Having An Open WiFi Does Not Ipso Facto Make You Liable For Negligent Infringement.

Here's the scenario:  You have an open WiFi (i.e. no password required), someone (maybe you, maybe not), uses that IP address to download a copyright work, someone (probably a copyright troll) sends a subpoena to your internet service provider and finds that this happened, you receive a letter from a copyright troll attorney that says in basic terms:  "You are a horrible person.  A copyright protected work was illegally downloaded using your IP address.  It was entitled something that included "hot", "wet" and a bodily orifice in the title.  You should be ashamed and if you pay me $3,000 now, it will all go away and your wife/girlfriend/scout troop/sunday school class will never know.  Otherwise, we can sue you for negligence because your WiFi was not protected and we don't even have to prove you did the download."

Maybe this comes as a huge surprise to you, maybe it doesn't.  However, will the negligence claim fly and allow the trolls to tag you with liability even if they can't prove you actually did it?  A couple of courts have said no.  Last week the U.S. District Court for Northern California in a case styled AF Holdings LLC v. John Doe and Josh Hatfield held that the mere inaction of not protecting your WiFi was not negligence because the defendant did not owe a duty to the plaintiff to take an affirmative action to protect the plaintiff's intellectual property.  In addition, the court held that this was still a copyright case and state law of negligence was preempted by the federal copyright statute.  And to further make a point, the court found immunity for the defendant under Section 230 of the Communications Decency Act.

So, it seems to be the trending opinion that you aren't strictly liable for contributory infringement for just leaving your WiFi open.  Seems right to me.

Viruses, Malware and Spyware, Oh my!

The recent McAfee debacle, which we detailed here, has once again brought into focus the problems inherent with protecting a computer or computer network from code designed to have a non-optimum effect on such computer or network.
Since the early 1970s, when a virus called Creeper was created and introduced into ARPANET, the precursor to the internet, anti-virus software and other means of combating viruses have been created. The code to combat Creeper was called Reaper and so, the dance began.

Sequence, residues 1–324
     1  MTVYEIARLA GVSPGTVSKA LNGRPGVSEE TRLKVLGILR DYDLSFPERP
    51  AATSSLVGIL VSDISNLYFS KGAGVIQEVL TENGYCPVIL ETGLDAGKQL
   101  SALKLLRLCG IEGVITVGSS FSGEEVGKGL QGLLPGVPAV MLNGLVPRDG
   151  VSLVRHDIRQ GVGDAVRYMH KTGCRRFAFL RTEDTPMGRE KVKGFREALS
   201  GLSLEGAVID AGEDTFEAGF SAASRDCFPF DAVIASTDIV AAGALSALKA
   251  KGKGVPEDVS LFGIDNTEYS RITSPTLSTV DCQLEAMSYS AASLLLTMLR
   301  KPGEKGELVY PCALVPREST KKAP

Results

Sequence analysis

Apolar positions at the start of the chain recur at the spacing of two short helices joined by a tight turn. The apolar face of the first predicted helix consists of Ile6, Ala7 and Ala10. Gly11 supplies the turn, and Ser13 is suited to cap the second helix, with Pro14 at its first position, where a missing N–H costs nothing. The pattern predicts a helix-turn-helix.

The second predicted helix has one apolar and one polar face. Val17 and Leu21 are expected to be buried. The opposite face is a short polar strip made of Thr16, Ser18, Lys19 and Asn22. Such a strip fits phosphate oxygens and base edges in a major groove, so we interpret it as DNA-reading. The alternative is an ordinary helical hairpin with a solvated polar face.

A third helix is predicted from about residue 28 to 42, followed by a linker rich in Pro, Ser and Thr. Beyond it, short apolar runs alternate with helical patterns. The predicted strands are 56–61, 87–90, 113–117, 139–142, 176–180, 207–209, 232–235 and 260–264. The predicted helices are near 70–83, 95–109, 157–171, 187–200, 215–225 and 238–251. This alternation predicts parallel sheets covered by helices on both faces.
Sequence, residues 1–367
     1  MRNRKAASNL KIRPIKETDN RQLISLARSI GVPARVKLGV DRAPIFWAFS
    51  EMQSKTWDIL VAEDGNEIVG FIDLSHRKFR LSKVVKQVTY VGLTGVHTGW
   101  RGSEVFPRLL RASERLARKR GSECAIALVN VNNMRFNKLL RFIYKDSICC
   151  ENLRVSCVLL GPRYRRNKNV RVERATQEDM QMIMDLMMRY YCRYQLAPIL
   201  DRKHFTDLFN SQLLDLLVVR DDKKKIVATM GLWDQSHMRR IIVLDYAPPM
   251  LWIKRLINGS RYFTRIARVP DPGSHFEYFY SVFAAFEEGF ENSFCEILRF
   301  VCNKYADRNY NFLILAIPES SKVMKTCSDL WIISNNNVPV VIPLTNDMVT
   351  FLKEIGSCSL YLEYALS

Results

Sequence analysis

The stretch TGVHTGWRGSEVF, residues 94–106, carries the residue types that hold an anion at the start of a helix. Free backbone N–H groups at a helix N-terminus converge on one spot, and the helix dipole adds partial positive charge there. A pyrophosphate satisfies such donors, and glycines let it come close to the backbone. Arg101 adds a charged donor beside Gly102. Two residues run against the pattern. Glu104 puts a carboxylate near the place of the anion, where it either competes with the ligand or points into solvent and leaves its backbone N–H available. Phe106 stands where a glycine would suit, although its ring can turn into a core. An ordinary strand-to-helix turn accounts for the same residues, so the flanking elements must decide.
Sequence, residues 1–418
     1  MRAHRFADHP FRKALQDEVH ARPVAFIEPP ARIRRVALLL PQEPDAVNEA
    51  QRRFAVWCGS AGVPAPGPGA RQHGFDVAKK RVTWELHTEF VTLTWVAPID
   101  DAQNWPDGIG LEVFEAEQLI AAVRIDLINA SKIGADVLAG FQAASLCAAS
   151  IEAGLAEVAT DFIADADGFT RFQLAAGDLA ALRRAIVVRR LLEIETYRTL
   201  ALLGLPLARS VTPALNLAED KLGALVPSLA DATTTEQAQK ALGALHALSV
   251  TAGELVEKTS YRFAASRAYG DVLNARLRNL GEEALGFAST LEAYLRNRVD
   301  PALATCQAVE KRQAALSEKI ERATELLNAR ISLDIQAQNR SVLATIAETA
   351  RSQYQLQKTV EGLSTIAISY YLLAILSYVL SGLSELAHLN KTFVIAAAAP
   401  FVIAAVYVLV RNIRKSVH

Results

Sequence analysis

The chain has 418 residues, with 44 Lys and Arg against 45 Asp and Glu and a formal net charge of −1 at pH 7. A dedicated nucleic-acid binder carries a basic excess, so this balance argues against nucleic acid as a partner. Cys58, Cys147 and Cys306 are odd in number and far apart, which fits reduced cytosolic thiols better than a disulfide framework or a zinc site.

Viruses are probably better referred to generically as malicious code, which includes a broad range of things including attack scripts, viruses, worms, Trojan horses, backdoors, malicious active content, malware, adware, spyware and many other names.
Malicious code is designed to do a variety of things, including crippling or disrupting computer operations, stealing information, perpetuating pranks and allowing unauthorized intrusions.
As soon as viruses started creating havoc, people started looking for a way to combat them. Shortly thereafter, other people (particularly those who depended on some other people for computer resources or storage) begin to question such people’s response to the virus problem. Then, lawyers got involved (there’s always a silver lining) and suits were brought alleging that not enough was done to protect the computer resources against invasion, whether to steal information, create havoc, generally be a pain in the hard drive or a combination of all.
Although the law is still developing in this area, it is plain that the application of commonly applied negligence principles will require at least a reasonable amount of protection against intrusion and malicious code.
There are two basic approaches to combating such threats and they are generally referred to as “blacklisting” and “whitelisting”. Blacklisting is the most commonly used method and it involves developing a huge database of virus signatures and checking each transmission to and from a computer for such signatures and routinely scanning the storage areas of such computers for evidence of malicious code.  The database needs to be continually updated and entirely new stains of viruses must be recognized and negated after they are released into the wild.
Whitelisting takes the approach of initially scanning drives for their contents and then not allowing anything else to run on that computer unless it is specifically approved. This method does not depend on scanning after the initial scan and does not have to be updated. New virus strains are of no concern as they may reside on the computer but will not be allowed to execute.
You can expect that the issue will arise in some case as to whether one method is better than the other and if the other method is available, was it negligence not to employ such method?
In a subsequent edition, we will post an interview with CoreTrace, a local company that markets the “whitelisting” approach.